George Ivanovich Gurdjieff was an influential spiritual teacher of the early to mid-20th century who taught that most humans do not possess a unified mind-body consciousness and thus live their lives in a state of hypnotic "waking sleep", but that it is possible to transcend to a higher state of consciousness and achieve full human potential. Gurdjieff described a method attempting to do so, calling the discipline "The Work" (connoting "work on oneself") or "the Method". According to his principles and instructions, Gurdjieff's method for awakening one's consciousness unites the methods of the fakir, monk or yogi, and thus referred to it as the "Fourth Way". At one point, he described his teaching as being "esoteric Christianity".
At different times in his life, Gurdjieff formed and closed various schools around the world to teach The Work. He claimed that the teachings he brought to the West from his own experiences and early travels expressed the truth found in ancient religions and wisdom teachings relating to self-awareness in people's daily lives and humanity's place in the universe. The title of his third series of writings, Life Is Real Only Then, When 'I Am', expresses the essence of his teachings. His complete series of books is entitled All and Everything.
Gurdjieff was a True Spiritual Master and Mystic of the 20th century, an extraordinary man whose teachings deal with the most important existential questions about the meaning and purpose of human life. He lived during a period of political and social unrest and could realize that most of humanity had long stopped functioning in a harmonious way due to difficult social conditions.
After many years of personal search and spiritual practice, Gurdjieff managed to enter the essence of ancient traditions, and find the lost answers that preexisted all known religions and systems of faith. He presented them in such a way as to make them understandable and more easily accessible to the modern man of the West.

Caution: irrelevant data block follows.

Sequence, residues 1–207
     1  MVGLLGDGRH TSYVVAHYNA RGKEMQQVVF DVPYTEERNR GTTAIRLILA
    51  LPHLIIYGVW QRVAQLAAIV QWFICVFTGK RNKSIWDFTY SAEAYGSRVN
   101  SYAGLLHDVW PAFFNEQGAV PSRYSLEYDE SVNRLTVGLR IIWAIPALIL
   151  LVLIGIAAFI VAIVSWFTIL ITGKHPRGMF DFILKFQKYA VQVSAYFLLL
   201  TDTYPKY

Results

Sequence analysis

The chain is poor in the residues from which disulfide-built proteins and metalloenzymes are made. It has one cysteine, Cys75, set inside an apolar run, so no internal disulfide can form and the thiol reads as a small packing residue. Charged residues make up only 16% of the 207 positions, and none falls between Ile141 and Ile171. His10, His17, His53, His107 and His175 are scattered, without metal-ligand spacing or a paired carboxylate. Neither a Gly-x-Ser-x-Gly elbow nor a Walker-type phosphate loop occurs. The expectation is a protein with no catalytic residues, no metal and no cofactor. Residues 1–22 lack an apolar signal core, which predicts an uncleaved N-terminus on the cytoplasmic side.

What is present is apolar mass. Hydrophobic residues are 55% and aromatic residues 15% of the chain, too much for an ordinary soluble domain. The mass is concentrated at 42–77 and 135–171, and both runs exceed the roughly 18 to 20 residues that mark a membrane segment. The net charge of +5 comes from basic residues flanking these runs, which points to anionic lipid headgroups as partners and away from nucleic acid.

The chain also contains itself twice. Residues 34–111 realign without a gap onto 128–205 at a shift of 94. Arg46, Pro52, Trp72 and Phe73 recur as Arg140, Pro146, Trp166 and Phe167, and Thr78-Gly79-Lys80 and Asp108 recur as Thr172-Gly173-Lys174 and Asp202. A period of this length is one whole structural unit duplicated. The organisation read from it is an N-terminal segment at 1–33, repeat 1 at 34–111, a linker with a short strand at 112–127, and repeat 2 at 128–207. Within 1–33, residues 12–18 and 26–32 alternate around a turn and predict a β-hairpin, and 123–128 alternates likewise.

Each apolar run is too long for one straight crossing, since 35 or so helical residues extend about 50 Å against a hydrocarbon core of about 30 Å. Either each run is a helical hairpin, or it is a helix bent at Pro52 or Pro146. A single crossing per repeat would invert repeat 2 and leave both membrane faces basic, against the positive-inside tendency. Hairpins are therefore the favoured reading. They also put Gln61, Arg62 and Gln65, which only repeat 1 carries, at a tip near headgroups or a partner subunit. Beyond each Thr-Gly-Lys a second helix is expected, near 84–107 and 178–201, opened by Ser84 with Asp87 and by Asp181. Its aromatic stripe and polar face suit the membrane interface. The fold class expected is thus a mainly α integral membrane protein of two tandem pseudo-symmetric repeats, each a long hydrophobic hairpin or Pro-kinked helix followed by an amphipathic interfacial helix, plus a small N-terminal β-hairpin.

Gurdjieff's spiritual method of self-awareness was called by his student P.D. Ouspensky "The Fourth Way," because in it, Gurdjieff incorporated the intellectual, emotional and physical aspects of self-development, instead of separately working on each one of them. In order to achieve this, he not only used lecturing and writing, which appeal to the mind, but also music to wake up emotions, along with dance and movement to stimulate the body. But Gurdjieff was not a theorist. As Dr Kenneth Walker said "Gurdjieff was a living example of the outcome of his own teaching, which he summed up in the words 'the harmonious development of man.'"
His students and followers thought of Gurdjieff as an enlightened man, and when, in his lectures, he referred to Jesus, his students could only think of Gurdjieff, himself as a messenger from God, too. For his students, Gurdjieff was their Jesus, and they felt they were his apostles, who had to spread his teachings all over the world.
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